A crushed rose

Published: October 16, 2016
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Dropping the rose on the steps, Kola rushed into the room fearing she might get chastised for being an absent-minded fool. PHOTO: TWITTER

She sat on the steps outside the kitchen door, stroking the stalk of a beautiful rose that she had plucked from the garden earlier that morning, with a faint smile playing across her lips. From here, Kola could gaze out over the gardens that fronted the houses with low walls separating them from one another. She sat there, mesmerised by the surrounding beauty and devouring the sights of the big houses in the neighbourhood, one of many luxuries which she had never had to herself.

Kola had started working as a house cleaner at a very young age, following in the footsteps of her mother who, in turn, had taken the skills from her own mother. She had turned 17 the day before, a conclusion drawn after much speculation by her mother who had only but a vague reminder of her birthday. So, early that morning, her mother had given her a small kiss on the forehead before rushing out the door.

Kola had once accompanied her mother to Mrs Salima’s house, one of the houses where her mother worked, where she was yet to be employed on her own. She was barely seven then and had spent the day sitting in the corner of the big living room while Mrs Salima’s kids gave her curious looks. The disdain behind those furtive glances hadn’t skipped Kola even back then.

Now as she sat on the steps, she almost missed Bibi Bilkees’ shout, summoning her for her usual afternoon neck massage. Dropping the rose on the steps, Kola rushed into the room fearing she might get chastised for being an absent-minded fool but the lady kept her cool. After she was done with the neck massage, Kola went to look after Bibi Bilkees’ little girl, Biya. She was curled up in her crib and looked so peaceful that Kola wanted to kiss her cheek but refrained from doing so because she could envision Bibi Bilkees frowning at her as she had done once before. The unspoken words were etched on her face unmistakably; that she didn’t want her daughter to catch germs from a maid.

She went to the kitchen to prepare the usual afternoon meal and soon set about serving it to Bibi Bilkees and Sahib Kalaam, who had just come back from his job. Kola then went to Biya’s room and fed her some loaves of bread and a glass of milk, which she gulped down merrily. Finally, after dumping the dishes into the dishwasher and making sure Bibi Bilkees or Sahib Kalaam did not need anything else, Kola sat down and ate her meal in the steel bowl which she kept in the corner of the bottom cabinet, away from the glass crockery used by the family members.

After she was done eating, Kola began dish-washing, her last chore of the day – unless something else came up at the last minute. After several moments, she could hear Bibi Bilkees shouting in the living room about something she couldn’t find. A few seconds later, Bibi Bilkees burst into the kitchen and as her eyes met Kola, she halted in her tracks. There was an air of suspicion around her as was evident by the way she cocked her eye and deepened her frown.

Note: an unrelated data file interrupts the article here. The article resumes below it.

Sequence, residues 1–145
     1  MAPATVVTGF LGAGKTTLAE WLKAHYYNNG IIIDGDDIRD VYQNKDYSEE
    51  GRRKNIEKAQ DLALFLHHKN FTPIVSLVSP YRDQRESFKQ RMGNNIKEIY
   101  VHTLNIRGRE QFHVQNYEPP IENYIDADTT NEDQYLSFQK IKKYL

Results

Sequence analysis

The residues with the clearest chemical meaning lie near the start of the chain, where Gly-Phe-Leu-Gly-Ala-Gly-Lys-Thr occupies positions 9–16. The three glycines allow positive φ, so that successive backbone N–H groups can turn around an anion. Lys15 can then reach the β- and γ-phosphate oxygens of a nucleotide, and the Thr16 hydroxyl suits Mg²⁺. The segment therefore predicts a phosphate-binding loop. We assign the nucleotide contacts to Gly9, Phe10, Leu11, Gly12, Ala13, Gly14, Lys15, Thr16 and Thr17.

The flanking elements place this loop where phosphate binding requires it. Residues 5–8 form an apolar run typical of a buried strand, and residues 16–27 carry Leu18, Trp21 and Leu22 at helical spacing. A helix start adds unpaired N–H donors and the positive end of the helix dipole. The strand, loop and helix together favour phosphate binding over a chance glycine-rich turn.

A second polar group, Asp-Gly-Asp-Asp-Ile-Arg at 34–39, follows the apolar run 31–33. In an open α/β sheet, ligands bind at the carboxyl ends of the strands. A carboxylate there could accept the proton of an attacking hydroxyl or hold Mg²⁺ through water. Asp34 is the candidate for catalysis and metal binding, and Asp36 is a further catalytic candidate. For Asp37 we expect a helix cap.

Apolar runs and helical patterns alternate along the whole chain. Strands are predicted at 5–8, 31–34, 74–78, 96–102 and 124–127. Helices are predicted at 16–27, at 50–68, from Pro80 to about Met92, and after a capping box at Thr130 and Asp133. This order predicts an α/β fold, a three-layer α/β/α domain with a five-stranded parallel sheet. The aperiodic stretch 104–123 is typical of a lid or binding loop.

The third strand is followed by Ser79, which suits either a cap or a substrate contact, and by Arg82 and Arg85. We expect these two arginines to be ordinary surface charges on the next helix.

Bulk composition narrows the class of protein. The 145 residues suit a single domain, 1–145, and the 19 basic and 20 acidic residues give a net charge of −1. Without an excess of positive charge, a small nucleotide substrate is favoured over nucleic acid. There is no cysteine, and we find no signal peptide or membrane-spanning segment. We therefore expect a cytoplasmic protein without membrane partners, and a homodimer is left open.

“Have you seen my gold earrings?”

“Have you stolen my gold earrings?” is what she actually meant to ask, thought Kola. But she politely shook her head instead.

“No, Bibi Bilkees, I’ve not seen any earrings.”

Bibi Bilkees thinned her lips as if she was trying hard to pull back the words she wanted to spill. But instead, she gave a small nod before going out. Kola stood at the sink paralysed. She had no idea how much time had passed when she heard Bibi Bilkees’ footsteps again. She ducked her head around the kitchen door and said,

“Kola, finish this task and then you can leave since I can’t think of anything else for you to do. Oh, and yes, I found the earrings. They were on my bedside table.”

With that she turned away, leaving Kola still clutching onto the same glass she had for the past ten minutes.

Kola finished washing the dishes and knowing that it was time to call it a day, she went to gather her little purse from where she had placed it that morning. It was time to get back to the world where there were people who belonged to her class, where she would not have to live under the constant fear of suspicion and discrimination.

Unbeknownst to her, a lone tear rolled down her cheek and, as she stepped out the back door, Kola didn’t realise her foot crushed something. She looked beneath it and saw the beautiful rose, lying there as discarded and shattered as a dream made of glass.

Farwa Tahir

Farwa Tahir

The author is currently majoring in Psychology from Government College University, Lahore. She is a passionate reader with a particular taste for fiction. She tweets @FarwaTCheema.

The views expressed by the writer and the reader comments do not necessarily reflect the views and policies of The Express Tribune.